Ready to Rumble

Flathead Valley professional boxer Kenny Guzman to fight Olympian Michael Conlan in high-profile bout televised on ESPN

By Dillon Tabish
Kenny Guzman, left, works out with Phillip Moore at the Sawbuck Do Jang in Whitefish on Sept. 8, 2017. Greg Lindstrom | Flathead Beacon

It’s impossible to predict when the biggest fight of your life will arrive.

For Kenny Guzman, a 30-year-old carpenter and expecting father who lives in Happy Valley with his fiancé, the call came two weeks ago while he was working on a home in the Swan Valley. One of Ireland’s most successful amateur fighters of all time wanted to square off in late September.

“I didn’t really hesitate,” Guzman said.  “Right when I got the offer, I immediately was like, ‘Awesome.’ I’m as ready as I’ll ever be right now.”

Guzman, one of the most successful fighters from the Flathead Valley in recent years, is being thrust onto the national stage with his upcoming professional boxing match against the vaunted Michael Conlan, a 25-year-old Olympic bronze medalist from Belfast, Ireland.

Guzman (3-0) and Conlan (3-0) are fighting as super bantamweights on the Sept. 22 Top Rank card at the Tucson Arena in Tucson, Arizona. The high-profile event will be broadcast on ESPN and will feature two world title bouts: featherweight world titleholder Oscar Valdez versus Genesis Servania and super middleweight titleholder Gilberto “Zurdo” Ramirez against Jesse Hart.

Guzman and Conlan will face off in a six-round match as the first fight on the undercard in front of an estimated 7,000 fans.

There’s no denying the odds are against Guzman.

Conlan is a household name in Ireland and a rising star in the professional ranks after only three bouts. The brash Irishman earned a bronze medal at the 2012 London Olympics and was poised for a gold medal at the 2016 Summer Games in Rio before a controversial decision in the quarterfinals. Conlan pummeled his opponent but lost a judges’ decision that boxing experts thought should have went in Conlan’s favor. Conlan unleashed a profanity-laced rant afterward and said he would never box as an amateur again.

Since then, Conlan has won his first three professional fights in overwhelming fashion, including his pro debut in Madison Square Garden earlier this year on a fight card that featured Manny Pacquiao. The hype and excitement surrounding Conlan’s emergence has been compared by many to Oscar De La Hoya in the early 1990s, CBS reported.

He’s also developed an attention-grabbing identity as a rebel, similar to his close friend and countryman Conor McGregor.

“Mike is a world-class talent,” said Jose Roman Jr., a writer for who is covering the upcoming bout between Conlan and Guzman. “He’s a big deal and his career is being followed very closely.”

“They’ve been scouring the world for a quality opponent for Conlan,” Roman added. “They must’ve thought something pretty high of (Guzman). They could’ve brought in any number of fighters, including a top name from Tucson. But instead they’re going to bring in someone from Montana. It obviously shows how high they think of Kenny.”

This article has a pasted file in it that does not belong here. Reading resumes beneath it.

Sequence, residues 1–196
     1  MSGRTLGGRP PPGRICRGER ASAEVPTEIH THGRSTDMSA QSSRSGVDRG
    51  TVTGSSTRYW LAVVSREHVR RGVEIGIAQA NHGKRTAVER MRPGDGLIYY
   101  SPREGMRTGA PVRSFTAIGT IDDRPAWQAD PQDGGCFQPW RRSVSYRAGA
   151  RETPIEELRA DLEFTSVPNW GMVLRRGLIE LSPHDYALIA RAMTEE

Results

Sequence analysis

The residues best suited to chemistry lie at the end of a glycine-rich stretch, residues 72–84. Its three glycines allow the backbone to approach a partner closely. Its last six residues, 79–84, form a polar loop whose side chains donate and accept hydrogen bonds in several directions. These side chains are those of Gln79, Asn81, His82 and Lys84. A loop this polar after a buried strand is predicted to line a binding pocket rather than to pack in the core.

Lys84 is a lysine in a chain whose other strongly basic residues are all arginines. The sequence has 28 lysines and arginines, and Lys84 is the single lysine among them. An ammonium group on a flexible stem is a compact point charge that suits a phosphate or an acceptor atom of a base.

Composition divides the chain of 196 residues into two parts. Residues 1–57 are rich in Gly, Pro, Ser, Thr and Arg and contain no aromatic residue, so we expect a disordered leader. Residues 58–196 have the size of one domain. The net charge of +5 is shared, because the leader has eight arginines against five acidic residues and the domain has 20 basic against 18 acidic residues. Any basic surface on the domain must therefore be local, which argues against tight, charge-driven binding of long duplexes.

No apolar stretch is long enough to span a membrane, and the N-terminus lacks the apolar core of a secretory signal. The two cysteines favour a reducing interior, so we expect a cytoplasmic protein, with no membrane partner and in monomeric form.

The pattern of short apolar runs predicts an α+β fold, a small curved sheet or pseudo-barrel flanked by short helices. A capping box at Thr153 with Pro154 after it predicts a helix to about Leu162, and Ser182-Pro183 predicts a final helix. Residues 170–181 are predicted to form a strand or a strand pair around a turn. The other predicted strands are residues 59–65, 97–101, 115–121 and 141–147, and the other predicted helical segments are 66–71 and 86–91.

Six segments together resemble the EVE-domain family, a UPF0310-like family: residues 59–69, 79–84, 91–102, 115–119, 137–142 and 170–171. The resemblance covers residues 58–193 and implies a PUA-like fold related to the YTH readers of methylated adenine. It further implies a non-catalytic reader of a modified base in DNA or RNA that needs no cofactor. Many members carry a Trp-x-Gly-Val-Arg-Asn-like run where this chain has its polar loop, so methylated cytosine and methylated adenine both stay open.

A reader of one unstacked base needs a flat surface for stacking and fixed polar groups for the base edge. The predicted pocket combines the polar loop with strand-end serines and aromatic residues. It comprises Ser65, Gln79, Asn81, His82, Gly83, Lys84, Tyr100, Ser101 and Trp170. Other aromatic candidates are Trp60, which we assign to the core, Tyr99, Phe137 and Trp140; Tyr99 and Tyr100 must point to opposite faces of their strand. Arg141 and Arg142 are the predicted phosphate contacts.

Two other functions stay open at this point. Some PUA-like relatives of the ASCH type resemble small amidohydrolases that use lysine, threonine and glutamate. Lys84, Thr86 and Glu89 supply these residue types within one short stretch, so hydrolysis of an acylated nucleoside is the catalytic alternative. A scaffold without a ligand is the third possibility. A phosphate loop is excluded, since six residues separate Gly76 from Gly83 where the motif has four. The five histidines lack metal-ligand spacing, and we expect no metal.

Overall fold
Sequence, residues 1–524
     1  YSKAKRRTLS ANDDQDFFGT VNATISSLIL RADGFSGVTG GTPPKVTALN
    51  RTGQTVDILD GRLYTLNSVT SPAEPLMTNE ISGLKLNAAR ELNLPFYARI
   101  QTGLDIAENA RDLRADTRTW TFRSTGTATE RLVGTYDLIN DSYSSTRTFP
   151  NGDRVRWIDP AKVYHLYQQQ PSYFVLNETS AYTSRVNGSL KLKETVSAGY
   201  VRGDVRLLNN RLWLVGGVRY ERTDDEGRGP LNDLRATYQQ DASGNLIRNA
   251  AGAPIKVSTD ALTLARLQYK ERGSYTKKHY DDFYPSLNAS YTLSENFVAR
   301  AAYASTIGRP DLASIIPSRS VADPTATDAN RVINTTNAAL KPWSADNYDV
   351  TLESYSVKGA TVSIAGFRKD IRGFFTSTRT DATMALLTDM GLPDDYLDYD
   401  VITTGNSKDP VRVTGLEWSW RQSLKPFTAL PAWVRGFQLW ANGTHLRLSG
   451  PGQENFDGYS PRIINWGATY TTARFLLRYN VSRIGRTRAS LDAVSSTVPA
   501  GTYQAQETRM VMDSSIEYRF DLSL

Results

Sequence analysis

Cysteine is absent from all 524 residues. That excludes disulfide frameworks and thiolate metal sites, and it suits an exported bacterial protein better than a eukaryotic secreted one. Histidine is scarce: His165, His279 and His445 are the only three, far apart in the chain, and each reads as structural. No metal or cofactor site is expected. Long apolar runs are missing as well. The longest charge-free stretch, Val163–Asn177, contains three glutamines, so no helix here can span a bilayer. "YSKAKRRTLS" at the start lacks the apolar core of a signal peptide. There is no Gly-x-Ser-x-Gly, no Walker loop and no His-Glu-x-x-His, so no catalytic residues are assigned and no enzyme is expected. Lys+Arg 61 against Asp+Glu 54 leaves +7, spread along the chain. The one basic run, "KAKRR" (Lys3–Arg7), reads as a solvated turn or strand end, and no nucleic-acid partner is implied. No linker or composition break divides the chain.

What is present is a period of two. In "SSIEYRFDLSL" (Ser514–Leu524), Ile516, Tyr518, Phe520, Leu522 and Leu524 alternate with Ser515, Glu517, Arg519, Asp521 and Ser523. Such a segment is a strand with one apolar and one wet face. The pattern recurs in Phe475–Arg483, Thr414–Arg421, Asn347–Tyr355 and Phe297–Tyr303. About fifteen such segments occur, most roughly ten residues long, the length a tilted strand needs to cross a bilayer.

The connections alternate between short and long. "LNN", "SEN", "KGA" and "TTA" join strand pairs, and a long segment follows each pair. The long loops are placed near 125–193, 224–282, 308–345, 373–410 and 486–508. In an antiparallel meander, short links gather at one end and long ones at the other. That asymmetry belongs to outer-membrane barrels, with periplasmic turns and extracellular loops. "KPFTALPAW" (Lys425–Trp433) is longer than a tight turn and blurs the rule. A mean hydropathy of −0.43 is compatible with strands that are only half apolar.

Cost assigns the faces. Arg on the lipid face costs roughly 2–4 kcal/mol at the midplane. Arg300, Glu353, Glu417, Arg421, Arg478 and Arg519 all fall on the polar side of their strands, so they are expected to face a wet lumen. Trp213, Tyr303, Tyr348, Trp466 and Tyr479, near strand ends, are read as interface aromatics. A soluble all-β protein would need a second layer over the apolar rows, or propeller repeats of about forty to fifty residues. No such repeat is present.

Ten years ago, Guzman began dropping off his nephew at boxing practice for the new Flathead Boxing amateur club. The coaches, Jesse Uhde and Phillip Moore, saw something in the athletic uncle and convinced Guzman to try out the speed bags. Pretty soon Guzman was lacing up the gloves and stepping into the ring. Aggressive and strong but wise with his swings, he could more than hold his own in the ring despite no training. He could also take a punch and deliver a memorable response.

After one year, Guzman was 3-0 in amateur bouts and had knocked out a former Junior Olympic national champion with over 100 fights on his resume. After three years, the 24-year-old was a rising star in Montana with a 14-7 record and a Golden Gloves championship. Within a few years, he was 29-11 with a regional championship belt and a Golden Gloves title.

Hoping to make a few extra dollars to supplement his blue-collar career, Guzman began seeking professional fights. Over three matches, he has one TKO and two unanimous decisions, including his most recent victory over Roxie Lam (7-2) in Calgary in April.

“Right now I feel awesome,” Guzman said. “They only gave me four weeks heads up for this fight, so I wasn’t necessarily in the greatest shape at the time. The more it’s getting closer, I’m feeling so much better and better. I have plenty of time. I’ll be in real good physical shape, cardio wise. I’ll be right where I need to.”

Leading up to his match against Conlan, Guzman has been training twice a day before and after a long day of work as a carpenter. At his side is a group of close, talented friends, including Moore, a former professional boxer, Corey McFarland and Hamilton Ash, a talented mixed martial artist who runs a dojo in Whitefish.

“I got a lot of good friends that I train with,” he said. “I’m getting my body tuned.”

Guzman isn’t studying Conlan by watching clips of fights. His coaches can do that. Guzman knows what he’s up against. He knows he’s the ultimate underdog.

“This is a huge opportunity for me to test myself as a competitor and see where I sit as a boxer, with a real professional with a lot of experience,” he said. “This is a chance for me to prove to myself what I can do by working real hard and dedicating myself to something.”

It’s also an opportunity to help him and his fiancé, Lindsey Hanson, as they prepare to start a family. Hanson is pregnant with a boy due Nov. 18.

Guzman’s philosophy is simple: do what he enjoys and loves, work hard and prepare for what could come next and good things will happen.

“I’ve treated boxing as my hobby and not as a job and opportunities keep coming up. I take those opportunities when they come,” he said. “Now I get another huge opportunity. It’s not something I was necessarily striving for but I was ready if it did happen.”

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